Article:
NPR has revised its linking "policy." The revision seems like an improvement, but it's not — it's just as bad as it ever was. NPR still maintains that people who link to NPR's site require permission — the new policy merely conditionally grants that permission.
I'll say it again: The most harmful lie you can tell about the Web is that permission is a prerequisite for linking. There is no copyright interest in controlling how people reference your work.
The most ironic thing about this is that NPR maintains that the rationale for it is to maintain "the highest journalistic ethics and standards." Journalism is about telling the comprehensive and accurate truth. Here we have NPR knowingly promulgating a destructive myth, something not borne out by copyright law or practice.
People who respect NPR's journalistic integrity may be duped into believing this harmful lie (as was one friend who emailed me to tell me that NPR wouldn't have this policy if there wasn't some debate about whether there's a copyright interest in links). If they succeed in convincing their audience that there's an interest in controlling links, we don't have any basis for the Web.
I'm sending fresh mail to Jeffrey Dvorkin, NPR's ombudsman, to tell him what I think of this. I recommend that you do the same. I will also be withholding my donation from NPR until this policy is reversed. Much as I hold public radio dear, NPR's policy has the potential to irreparably damage the Web. I would give up a thousand NPRs for the WWW.
NPR encourages and permits links to content on NPR Web sites. However, NPR is an organization committed to the highest journalistic ethics and standards and to independent, noncommercial journalism, both in fact and appearance. Therefore, the linking should not (a) suggest that NPR promotes or endorses any third party's causes, ideas, Web sites, products or services, or (b) use NPR content for inappropriate commercial purposes. We reserve the right to withdraw permission for any link.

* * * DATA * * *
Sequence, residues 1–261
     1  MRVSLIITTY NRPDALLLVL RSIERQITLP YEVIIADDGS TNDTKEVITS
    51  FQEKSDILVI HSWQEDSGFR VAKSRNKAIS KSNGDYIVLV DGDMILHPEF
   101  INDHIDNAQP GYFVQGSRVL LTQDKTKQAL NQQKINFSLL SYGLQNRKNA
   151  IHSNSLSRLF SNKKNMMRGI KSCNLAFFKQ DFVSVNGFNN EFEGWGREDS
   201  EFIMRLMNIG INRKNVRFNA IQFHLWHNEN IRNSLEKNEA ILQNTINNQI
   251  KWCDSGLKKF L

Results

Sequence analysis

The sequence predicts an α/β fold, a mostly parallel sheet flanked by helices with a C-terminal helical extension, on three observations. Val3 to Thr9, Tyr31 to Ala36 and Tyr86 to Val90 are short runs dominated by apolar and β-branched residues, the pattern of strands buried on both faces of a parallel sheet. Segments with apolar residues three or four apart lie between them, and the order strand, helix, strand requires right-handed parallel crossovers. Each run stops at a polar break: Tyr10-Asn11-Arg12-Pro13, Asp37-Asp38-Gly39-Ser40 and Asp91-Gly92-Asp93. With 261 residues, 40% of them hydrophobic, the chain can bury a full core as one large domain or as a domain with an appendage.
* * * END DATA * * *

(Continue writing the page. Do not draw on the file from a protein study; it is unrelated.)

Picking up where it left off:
Once again, let's have a look at that:
- Therefore, the linking should not (a) suggest that NPR promotes or endorses any third party's causes, ideas, Web sites, products or services
You don't need a link policy to acheive this end. Someone who makes a fraudulent misrepresentation is committing a crime; your policy is irrelevant to the remedies you could seek in such an instance.
- (b) use NPR content for inappropriate commercial purposes.
Again, you don't need a policy for this. There are illegal commercial uses of NPR's programming; if someone breaks the law, the presence of this policy won't matter. As to "inappropriate" uses, who gets to define inappropriate? There are plenty of unauthorized, even impolite uses that are lawful. Prohibiting "inappropriate" uses is nonsensical, prohibiting unlawful uses is redundant.
- We reserve the right to withdraw permission for any link.
You can't withdraw that which you did not extend. I don't need your permission to link to your site. The absence or presence of your permission is irrelevant. There is no intellectual property interest in controlling the contexts in which your work may be referenced.